Saturday, October 30, 2010

Ayurvedic 101 No. 1

Ayurvedic Hair Care compiled by Shell

Indians believe that the health of the hair, skin, and nails indicates the health of the person, and that someone with unhealthy hair needs to manage their diet better. Specifically they lack protein (Indians generally recommend milk protein to remedy this--especially yogurt), and fruits and vegetables. The ideal exercise according to Ayurvedic practitioners is walking.

Traditional Indian health theory involves balancing the various body types (dosha), of which there are three general types. This involves diet, exercise, lifestyle, and in some cases herbal treatments. For more information on Ayurvedic theory you may want to read ''Essential Ayurveda'' by Shubhra Krishan or ''The Complete Book of Ayurvedic Home Remedies'' by Vasant Lad. Both of these books explain the theory of the doshas and recommend lifestyle choices to maximize health.

Most herbs used in Indian hair and skin care (yes many of the herbs below are also good for your skin!) are good for everyone, regardless of dosha. If you have particular problems or concerns, you may want to contact an Ayurvedic practitioner for a professional consultation.

Generally using herbs for healthy hair maintenance involves some kind of oiling (see below) and an herbal wash. You may also add an herbal rinse. The wash and rinse can be one mixture, or used separately, but together they should contain at least one cleansing agent (such as shikakai or aritha/reetha and one conditioning agent such as amla). Some Indians also use rice starch as a type of natural emulsifier to bind the herb powders together and make them easier to apply and rinse out.

Indian women tend to oil their hair daily or every other day, and to wear their hair in a single braid or a bun. Very rarely do they wear their hair down.

Frequently Asked Questions (FAQ)

"How do I get rid of the bits of herbs in my hair?"
There are a few standard methods to remove excess herb debris that is left after rinsing:
1) Strain the herbs so there isn't much left to remove
2) Use lots of conditioner
3) Soak hair in a bucket, filled sink or mermaid soak in a bath tub
4) After hair dries, brush out or shake out the excess herb bits. You can hold your ends and shake your hair to get out the bits. It works pretty well.

"Will Indian herbs darken my hair?"
In general, most people do not experience darkening when using Indian herbs. Factors that can increase the possibility of herbs darkening include leaving on the herbs for a long period of time and cooking herbs for extended amounts of time before application. People with light-colored hair are more likely to notice a color change, so strand testing is advised. You many find that oiling makes your hair darker, or redder. Oiling may also increase drying time.

"Where can I buy Indian herbs?"
Indian groceries are typically the least expensive place to buy Indian herbs, although the age of the stock widely varies from store to store. You can locate the Indian grocery closest to you by checking phone listings under ethnic groceries. Bulk herb and organic/natural food groceries sometimes carry herbs like hibiscus and fenugreek in their tea sections. Indian herbs are also available via the Internet.

"How much oil should I apply to my hair before washing with Indian herbs?"
It is usually helpful to start off with small amounts of oil and work toward an optimal amount. A light oiling can consist of a thumbnail-sized amount or less of coconut oil or 1/2 tsp. or less of a liquid oil. Giving the oil time to soak in before washing can help ensure a thorough removal by the herbs.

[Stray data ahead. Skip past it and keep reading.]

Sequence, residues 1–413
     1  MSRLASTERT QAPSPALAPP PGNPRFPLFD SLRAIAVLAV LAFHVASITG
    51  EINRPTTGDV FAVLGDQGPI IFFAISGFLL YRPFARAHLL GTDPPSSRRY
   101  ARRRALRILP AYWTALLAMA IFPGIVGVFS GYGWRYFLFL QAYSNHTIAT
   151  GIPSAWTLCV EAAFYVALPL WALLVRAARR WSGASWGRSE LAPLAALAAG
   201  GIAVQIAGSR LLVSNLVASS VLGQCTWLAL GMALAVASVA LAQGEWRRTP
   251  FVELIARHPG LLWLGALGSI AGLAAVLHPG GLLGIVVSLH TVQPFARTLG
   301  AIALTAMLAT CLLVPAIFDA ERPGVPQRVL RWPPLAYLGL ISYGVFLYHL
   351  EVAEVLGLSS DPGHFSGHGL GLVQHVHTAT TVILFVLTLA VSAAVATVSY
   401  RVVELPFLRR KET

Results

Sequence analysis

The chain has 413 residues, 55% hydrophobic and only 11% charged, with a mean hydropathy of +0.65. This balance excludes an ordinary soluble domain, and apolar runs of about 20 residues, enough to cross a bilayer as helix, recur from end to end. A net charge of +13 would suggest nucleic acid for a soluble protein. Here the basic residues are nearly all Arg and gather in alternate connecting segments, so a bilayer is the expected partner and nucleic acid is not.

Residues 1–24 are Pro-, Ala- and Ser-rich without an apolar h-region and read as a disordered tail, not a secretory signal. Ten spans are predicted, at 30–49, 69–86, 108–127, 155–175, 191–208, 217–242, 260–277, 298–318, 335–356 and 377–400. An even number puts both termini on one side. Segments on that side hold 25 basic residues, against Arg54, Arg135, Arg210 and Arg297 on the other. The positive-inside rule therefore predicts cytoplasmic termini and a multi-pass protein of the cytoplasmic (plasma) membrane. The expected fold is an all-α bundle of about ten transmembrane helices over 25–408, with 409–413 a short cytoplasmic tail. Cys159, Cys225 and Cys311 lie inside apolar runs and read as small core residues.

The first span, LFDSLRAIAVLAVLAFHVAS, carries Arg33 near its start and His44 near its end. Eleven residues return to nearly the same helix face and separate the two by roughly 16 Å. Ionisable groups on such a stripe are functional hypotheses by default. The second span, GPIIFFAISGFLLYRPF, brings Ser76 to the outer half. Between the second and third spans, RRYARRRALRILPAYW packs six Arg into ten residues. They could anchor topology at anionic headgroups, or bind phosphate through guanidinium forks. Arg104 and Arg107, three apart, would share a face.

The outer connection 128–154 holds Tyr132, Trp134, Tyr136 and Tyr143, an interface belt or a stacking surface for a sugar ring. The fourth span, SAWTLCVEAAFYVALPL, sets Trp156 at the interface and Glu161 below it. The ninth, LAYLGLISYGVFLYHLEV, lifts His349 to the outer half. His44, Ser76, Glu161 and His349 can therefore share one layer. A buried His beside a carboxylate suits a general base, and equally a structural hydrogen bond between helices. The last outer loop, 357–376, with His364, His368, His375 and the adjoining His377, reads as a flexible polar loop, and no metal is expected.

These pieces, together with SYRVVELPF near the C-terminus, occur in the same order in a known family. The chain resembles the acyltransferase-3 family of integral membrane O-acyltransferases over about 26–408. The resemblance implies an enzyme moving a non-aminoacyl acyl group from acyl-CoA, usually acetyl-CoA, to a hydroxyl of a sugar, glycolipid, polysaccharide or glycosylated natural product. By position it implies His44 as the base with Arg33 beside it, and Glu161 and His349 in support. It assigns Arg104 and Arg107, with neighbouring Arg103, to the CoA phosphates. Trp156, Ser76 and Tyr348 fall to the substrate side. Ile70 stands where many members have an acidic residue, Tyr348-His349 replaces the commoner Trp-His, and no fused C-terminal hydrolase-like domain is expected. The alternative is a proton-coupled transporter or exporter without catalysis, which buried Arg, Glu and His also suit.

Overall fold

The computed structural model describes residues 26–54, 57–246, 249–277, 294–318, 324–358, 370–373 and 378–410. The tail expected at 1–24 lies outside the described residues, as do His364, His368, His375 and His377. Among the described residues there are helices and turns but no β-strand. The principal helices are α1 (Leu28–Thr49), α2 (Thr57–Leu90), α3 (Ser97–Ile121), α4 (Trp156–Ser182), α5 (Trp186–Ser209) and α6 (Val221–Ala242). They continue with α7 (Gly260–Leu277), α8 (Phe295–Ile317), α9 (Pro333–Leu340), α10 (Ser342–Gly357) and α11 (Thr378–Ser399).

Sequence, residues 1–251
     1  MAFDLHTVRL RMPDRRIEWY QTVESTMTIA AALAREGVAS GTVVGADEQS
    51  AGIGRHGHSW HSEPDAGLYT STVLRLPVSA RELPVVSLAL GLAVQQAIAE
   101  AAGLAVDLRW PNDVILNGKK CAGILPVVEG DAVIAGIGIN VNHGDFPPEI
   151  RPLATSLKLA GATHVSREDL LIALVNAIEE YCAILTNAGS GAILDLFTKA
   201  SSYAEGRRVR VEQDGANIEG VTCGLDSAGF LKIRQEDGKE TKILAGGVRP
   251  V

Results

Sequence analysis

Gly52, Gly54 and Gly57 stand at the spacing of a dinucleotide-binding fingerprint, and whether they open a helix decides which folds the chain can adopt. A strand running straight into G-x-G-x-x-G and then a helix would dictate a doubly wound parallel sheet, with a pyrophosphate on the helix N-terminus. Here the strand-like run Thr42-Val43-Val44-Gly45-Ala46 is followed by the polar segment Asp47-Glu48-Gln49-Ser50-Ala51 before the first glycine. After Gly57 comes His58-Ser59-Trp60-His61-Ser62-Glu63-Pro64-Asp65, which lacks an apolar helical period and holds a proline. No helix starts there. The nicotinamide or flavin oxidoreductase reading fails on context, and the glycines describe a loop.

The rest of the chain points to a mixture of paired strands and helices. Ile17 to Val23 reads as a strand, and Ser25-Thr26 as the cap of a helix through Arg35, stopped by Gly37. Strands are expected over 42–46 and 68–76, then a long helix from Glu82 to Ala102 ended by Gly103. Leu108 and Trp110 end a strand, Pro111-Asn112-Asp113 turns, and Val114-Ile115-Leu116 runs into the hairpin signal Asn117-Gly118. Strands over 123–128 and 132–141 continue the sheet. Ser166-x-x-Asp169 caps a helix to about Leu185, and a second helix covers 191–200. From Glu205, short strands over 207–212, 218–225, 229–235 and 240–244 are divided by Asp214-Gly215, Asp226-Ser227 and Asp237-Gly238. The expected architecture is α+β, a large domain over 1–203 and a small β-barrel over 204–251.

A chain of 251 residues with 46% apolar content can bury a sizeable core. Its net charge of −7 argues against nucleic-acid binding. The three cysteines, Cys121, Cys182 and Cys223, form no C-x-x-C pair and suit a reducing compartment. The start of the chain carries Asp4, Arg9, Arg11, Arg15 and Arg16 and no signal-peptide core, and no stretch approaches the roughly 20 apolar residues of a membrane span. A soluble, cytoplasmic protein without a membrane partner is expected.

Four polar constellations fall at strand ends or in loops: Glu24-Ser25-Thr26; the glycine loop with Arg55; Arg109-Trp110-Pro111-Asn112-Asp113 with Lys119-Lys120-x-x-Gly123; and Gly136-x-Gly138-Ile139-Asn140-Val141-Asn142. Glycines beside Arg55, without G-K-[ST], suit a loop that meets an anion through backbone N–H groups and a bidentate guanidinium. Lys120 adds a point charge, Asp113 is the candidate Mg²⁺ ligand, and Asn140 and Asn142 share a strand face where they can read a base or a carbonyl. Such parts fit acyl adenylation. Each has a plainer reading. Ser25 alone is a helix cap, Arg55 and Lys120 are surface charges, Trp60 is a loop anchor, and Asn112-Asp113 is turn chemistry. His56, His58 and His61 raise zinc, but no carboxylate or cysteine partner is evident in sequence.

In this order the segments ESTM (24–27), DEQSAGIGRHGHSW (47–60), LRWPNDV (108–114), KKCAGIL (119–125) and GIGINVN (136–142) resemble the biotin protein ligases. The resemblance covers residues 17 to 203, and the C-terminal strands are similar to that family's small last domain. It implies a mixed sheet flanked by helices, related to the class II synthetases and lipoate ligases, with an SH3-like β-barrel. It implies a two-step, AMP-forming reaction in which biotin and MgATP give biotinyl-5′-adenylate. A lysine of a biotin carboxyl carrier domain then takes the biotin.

"Can I rotate Indian herbs with other methods?"
Yes, of course you can. If you like, you can use Indian herbs as your only method, along with other products, or just as an occasional deep treatment.

Certain herbs and oils in Indian culture are given the "absolute power" status: Oils: Coconut oil, mustard oil, castor oil, Amla oil,Neem oil and Sesame oil.
Herbs: Amla, Hibiscus, Tulsi, Neem, Bhringaraj, Brahmi, Fenugreek.

I just want to *stress* on three, over and above what you have mentioned:

Castor oil: Not very popular due to its massive stickiness and viscosity outside India (because I have seen only Indians (in India) being comfortable with having their hair as oil slicks. They just bun their massively oily hair, put some flower strands in it and are as happy as can be), but it is a very powerful carrier oil. Said to promote hair growth, fight dryness and dandruff and prevent greying.

Neem: Truly a tree to be revered. I cannot profess enough about the goodness of this tree. It is a medicinal oil and helps fight hair loss, dandruff, premature greying and a little goes a long way.

Hibiscus: Again, a plant that is high on my list and most Indians list. I want to worship this plant! The leaves can be crushed/blended with a li'l hot water and applied as a hair mask to condition. The flowers too. Dried flowers, leaves can also be used and also powders are available. The least Indians do is put the leaves, flowers in their "buckets" of water which they use to bathe with , and believe that even that helps!

Again - I just thought that the above 3 deserved a bit more stress - is all. Doesn't mean I want to take away from the "king" of oils - coconut (in Indian parlance) or amla, Bhringaraj etc.

One word of caution (may be an old wives tale): Sandalwood is used sparingly because it is believed to cause "lightness" of strands. Just like Cassia(right?). If you are going for darkening you may want to read up more on this.
In India Sandalwood is used as a face-mask to lighten skin too! It is mostly used in hair to perfume it - much like Kapoor Kachhli.


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